Suing John Doe

A tenant filed a personal injury lawsuit against his landlords one day before the statute of limitations was to run. The complaint named the landlord and “John Does 1-20,” but did not name the owners of the property, or describe facts that would make it clear the tenant intended to name the owner as well as the landlord.

Later, the tenant’s attorney attempted to add the owners of the property (which were not the same persons as the tenant’s landlord).  The statute of limitations had run in the meantime. The trial court granted the owners’ motion to dismiss. The tenant appealed.[1]

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The tenant argued that the amended complaint related back to the original complaint under applicable court rules and statutes, and that “fundamental fairness” required the denial of the owners’ motion to dismiss. The Washington Court of Appeals rejected both arguments and upheld the dismissal.

The tenant argued that because he amended the complaint and served it within 90 days, the amended complaint relates back to the original, allowing the tenant to add the owners to the lawsuit. The 90-day statute does not, however, extend the statute of limitations as to defendants not already named. The statute provides a 90-day period in which to perfect commencement of a lawsuit against named defendants; it does not allow a 90-day period within which to add new defendants.

The Court of Appeals held the tenant failed to meet requirements of court rules that allow amended pleadings to relate back to the original.  The rule requires that a party brought in by amendment must have had actual knowledge of the lawsuit, and that but for a mistake concerning identity, the action would have been brought against him. The tenant’s complaint did not mention the owners – whether named John Doe or otherwise – were being sued.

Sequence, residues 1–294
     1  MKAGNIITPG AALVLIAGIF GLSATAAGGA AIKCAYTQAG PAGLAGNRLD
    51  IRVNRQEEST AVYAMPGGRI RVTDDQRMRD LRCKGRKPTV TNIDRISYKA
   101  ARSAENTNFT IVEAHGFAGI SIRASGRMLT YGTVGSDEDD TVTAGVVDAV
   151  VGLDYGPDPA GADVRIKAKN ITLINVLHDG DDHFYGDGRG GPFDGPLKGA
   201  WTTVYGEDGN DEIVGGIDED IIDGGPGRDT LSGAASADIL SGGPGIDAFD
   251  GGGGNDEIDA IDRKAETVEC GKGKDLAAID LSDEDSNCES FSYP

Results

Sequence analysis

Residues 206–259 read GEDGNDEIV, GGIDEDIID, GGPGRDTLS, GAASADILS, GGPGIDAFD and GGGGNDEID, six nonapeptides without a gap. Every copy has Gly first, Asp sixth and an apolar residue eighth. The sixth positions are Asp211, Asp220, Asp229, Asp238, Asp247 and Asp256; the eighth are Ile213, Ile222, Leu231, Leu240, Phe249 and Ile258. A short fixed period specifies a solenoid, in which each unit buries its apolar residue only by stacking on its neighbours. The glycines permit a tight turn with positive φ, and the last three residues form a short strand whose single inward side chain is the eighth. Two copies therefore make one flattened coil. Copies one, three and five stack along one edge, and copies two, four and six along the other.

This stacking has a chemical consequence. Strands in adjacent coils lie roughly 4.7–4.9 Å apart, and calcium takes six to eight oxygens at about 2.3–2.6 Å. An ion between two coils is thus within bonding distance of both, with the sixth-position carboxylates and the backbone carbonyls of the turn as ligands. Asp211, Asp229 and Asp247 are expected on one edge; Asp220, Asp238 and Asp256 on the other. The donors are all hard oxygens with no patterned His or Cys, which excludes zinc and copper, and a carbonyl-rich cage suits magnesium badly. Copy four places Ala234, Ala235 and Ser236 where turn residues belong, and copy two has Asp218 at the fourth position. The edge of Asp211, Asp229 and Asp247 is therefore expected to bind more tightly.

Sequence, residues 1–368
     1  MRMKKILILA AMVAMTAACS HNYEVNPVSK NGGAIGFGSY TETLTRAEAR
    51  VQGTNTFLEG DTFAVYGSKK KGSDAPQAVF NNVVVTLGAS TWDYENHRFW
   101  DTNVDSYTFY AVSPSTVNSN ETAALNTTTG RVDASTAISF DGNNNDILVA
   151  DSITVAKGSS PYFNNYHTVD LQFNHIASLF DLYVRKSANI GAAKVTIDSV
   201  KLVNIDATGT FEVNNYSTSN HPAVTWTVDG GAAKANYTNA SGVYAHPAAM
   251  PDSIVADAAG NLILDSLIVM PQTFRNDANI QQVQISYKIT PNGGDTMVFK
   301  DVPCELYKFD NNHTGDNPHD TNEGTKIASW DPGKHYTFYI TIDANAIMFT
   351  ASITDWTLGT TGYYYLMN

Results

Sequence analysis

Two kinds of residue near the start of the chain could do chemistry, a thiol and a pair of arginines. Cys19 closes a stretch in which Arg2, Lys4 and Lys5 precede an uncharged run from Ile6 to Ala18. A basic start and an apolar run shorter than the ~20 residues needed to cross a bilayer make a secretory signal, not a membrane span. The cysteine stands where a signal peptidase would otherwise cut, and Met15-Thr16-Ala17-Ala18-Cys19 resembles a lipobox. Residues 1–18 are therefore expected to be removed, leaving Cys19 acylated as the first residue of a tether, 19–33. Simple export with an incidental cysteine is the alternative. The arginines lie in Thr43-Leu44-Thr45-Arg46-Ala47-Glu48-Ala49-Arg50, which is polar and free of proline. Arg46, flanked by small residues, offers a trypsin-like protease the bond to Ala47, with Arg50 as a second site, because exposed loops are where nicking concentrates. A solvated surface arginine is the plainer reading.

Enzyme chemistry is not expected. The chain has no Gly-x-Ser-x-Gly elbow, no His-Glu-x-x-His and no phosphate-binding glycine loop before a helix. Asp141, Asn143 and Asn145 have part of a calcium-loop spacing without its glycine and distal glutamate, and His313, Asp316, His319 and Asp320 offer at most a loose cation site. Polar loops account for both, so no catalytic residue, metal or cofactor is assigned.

The tenant also failed to show excusable neglect. The tenant could have discovered the owners of the property with a simple search of public records.

The tenant failed to cite any authority for the “fundamental fairness” argument. The Court of Appeals therefore rejected it.

The gist of this case sounds familiar. Over the course of any given year a handful statute of limitations cases go up on appeal. While each case is unique, there is a common theme. Plaintiff files at the last minute. There is some issue with service of the complaint, or there is a need to add a new party. The case is dismissed. Plaintiff appeals, and usually loses.

The solution is simple. Get an attorney early so filing it at the last minute can be avoided. It is generally it is not a good idea to wait until the last minute.

At our firm, while we always strive for an out of court settlement when feasible, if a case must be filed we will file it generally no later than six months before the statute of limitations expires. If you call us at the last minute we may consider taking your case – but we very well may refuse.

If you have an injury claim, it is best to get a free personal injury case evaluation as early as possible.

[1] Gallard v. Anderson, unpublished (NO. 68512-1-1 November 18, 2013). Available at (last accessed 11/23/13).

Posted in Washington Personal Injury Law and tagged , .